- Violence in Iraq Kills 10 U.S. Troops
BAGHDAD, Oct. 18 -- Ten U.S. troops were killed in Iraq on Tuesday, one of the bloodiest days of the war for American forces outside of major combat operations. With nearly two full weeks to go until the end of October, the month is proving to be devastatingly lethal for both U.S. forces and Iraq's military and civilian populations.
At least 68 U.S. troops were killed in the first 2 1/2 weeks of October, according to independent databases and wire service counts; last month, 75 American military personnel were killed.
At the same time, least 767 Iraqis were killed in war-related violence and sectarian fighting during the first 17 days of this month, according to the Associated Press -- an average of 45 deaths per day, compared to an average daily death toll of about 27 over the last 18 months.
- Ministry: Iraq families join exodus to escape violence
BAGHDAD, Iraq (CNN) -- Hundreds of thousands of people have fled their homes to escape the war and escalating sectarian violence in Iraq, the country's Ministry of Displaced Persons and Immigration announced Wednesday.
The reported exodus is the latest sign of the profound demographic changes in a country being ripped apart by Sunni-Shiite animosity.
The ministry said the deteriorating security situation in Baghdad was primarily to blame for 53,788 families leaving their homes.
- Problems Afflict Program to Advise Iraqis
One of the biggest shocks for Lt. Col. Nick Demas and his troops came before they even deployed to Iraq.
The colonel's soldiers, most of them inexperienced reservists from Maryland, had been tapped to serve as advisers to the Iraqi army. Their job was to live with, train and mentor an Iraqi force buffeted by poor morale, desertions and corruption.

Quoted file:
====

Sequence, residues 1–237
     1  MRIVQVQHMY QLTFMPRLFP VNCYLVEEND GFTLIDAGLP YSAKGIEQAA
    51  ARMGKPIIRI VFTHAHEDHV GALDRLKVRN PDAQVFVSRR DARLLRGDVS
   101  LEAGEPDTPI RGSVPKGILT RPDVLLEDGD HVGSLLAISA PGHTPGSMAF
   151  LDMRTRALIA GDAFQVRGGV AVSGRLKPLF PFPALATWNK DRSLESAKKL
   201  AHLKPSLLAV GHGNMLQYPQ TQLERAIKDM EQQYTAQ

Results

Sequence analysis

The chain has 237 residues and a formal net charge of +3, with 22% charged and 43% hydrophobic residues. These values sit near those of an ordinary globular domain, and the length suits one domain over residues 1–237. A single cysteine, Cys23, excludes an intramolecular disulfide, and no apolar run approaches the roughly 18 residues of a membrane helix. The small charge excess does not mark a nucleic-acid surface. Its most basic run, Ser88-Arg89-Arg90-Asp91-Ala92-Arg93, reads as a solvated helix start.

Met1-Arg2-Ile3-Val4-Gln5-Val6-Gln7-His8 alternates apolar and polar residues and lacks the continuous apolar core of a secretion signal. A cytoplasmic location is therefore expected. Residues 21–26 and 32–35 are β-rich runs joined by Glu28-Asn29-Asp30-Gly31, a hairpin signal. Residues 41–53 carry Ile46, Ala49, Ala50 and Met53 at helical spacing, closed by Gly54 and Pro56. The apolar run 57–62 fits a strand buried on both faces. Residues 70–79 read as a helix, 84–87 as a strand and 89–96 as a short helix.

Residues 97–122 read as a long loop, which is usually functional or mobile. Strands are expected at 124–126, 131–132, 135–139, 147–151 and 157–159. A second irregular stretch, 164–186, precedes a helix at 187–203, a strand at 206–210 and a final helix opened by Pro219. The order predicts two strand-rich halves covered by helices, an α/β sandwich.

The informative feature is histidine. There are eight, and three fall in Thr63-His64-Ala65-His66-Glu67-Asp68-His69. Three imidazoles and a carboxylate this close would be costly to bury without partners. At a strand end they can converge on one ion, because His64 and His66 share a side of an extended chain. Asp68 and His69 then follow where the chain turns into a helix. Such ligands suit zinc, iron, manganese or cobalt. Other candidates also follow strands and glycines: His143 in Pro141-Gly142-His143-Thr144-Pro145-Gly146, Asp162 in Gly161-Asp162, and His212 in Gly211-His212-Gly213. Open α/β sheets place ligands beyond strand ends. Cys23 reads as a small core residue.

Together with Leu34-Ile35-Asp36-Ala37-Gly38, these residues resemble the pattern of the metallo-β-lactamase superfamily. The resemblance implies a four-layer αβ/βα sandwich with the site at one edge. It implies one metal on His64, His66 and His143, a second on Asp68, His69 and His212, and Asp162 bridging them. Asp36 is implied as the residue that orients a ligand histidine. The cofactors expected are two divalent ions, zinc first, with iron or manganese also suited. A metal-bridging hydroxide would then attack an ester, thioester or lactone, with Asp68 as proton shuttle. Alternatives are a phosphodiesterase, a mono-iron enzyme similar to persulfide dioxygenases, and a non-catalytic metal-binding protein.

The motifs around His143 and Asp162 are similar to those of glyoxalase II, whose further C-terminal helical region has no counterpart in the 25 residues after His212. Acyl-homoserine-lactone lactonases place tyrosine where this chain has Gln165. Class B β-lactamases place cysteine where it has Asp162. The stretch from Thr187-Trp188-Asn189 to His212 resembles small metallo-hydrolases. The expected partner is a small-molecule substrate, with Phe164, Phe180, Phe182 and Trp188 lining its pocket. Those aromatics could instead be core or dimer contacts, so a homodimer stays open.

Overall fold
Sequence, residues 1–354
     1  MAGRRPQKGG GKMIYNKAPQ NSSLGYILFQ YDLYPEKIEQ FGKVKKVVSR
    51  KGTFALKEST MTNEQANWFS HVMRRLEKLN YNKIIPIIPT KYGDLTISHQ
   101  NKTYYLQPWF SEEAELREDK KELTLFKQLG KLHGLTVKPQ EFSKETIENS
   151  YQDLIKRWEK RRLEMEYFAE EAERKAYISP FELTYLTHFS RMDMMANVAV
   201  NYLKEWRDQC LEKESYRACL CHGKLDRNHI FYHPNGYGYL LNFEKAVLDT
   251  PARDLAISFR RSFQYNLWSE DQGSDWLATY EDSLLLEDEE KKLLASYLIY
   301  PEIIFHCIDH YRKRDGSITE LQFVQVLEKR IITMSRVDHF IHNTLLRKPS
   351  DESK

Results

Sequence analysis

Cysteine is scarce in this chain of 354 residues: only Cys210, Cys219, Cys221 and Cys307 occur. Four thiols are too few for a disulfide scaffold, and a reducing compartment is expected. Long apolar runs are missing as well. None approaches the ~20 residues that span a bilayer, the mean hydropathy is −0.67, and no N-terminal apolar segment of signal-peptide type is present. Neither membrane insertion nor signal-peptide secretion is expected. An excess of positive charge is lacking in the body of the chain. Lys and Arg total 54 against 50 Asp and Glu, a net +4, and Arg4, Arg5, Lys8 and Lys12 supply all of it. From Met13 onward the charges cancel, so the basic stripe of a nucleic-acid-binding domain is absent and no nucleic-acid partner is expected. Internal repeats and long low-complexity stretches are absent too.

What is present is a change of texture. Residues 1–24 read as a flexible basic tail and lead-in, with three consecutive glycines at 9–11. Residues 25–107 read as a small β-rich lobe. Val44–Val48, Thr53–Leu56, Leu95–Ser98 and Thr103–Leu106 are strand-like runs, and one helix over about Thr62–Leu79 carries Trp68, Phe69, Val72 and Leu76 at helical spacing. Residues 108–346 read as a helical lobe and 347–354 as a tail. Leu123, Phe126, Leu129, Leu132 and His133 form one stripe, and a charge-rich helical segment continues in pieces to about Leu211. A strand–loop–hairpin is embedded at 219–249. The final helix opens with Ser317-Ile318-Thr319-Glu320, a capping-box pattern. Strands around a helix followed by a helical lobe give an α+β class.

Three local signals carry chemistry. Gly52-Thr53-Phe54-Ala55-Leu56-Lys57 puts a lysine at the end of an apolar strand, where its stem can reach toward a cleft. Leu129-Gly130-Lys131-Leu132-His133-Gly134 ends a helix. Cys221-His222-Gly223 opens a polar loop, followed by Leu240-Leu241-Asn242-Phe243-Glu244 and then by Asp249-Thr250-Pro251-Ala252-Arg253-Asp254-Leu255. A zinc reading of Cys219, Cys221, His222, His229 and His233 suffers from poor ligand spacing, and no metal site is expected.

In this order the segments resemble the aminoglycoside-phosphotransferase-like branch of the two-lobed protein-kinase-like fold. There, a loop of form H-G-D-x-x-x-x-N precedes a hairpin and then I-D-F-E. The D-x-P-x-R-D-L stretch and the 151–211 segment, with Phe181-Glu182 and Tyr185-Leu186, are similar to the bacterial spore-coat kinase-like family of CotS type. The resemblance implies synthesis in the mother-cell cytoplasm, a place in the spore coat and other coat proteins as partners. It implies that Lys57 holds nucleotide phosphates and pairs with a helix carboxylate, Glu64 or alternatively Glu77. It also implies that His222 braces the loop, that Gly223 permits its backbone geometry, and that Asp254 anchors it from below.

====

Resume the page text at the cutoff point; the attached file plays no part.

Other advisers have been just as scathing. "By the time the training was finished, soldiers were demoralized, motivation was nonexistent and the team motto came from the Jo Dee Messina lyric, 'my give-a-damn's busted,' " wrote Lt. Col. James Goodwillie, who led advisers in Iraq, in a review that was passed to senior Army officials last fall.
Senior U.S. military officers in Iraq and the Pentagon say their primary focus is getting Iraqi forces to take over more of the fighting as quickly as possible so U.S. forces can pull back. The 10- to 12-man advisory teams are central to that effort.
In recent weeks, Army officials overseeing the advisory program have begun to acknowledge the gap between the Army's words and deeds. This summer, after two years of biting reviews, the Army rushed to revamp the training advisers receive. It also has begun to assign more experienced troops to advisory teams. "I think we are going to be doing it much, much better than what you have seen in the past," says Gen. Richard Cody, the Army's vice chief of staff.
As Andrew J. Bacevich explained the entire ideology that led to the debacle in Iraq was flawed but the incompetence of the Bush/Cheney cabal made a hopeless situation even worse.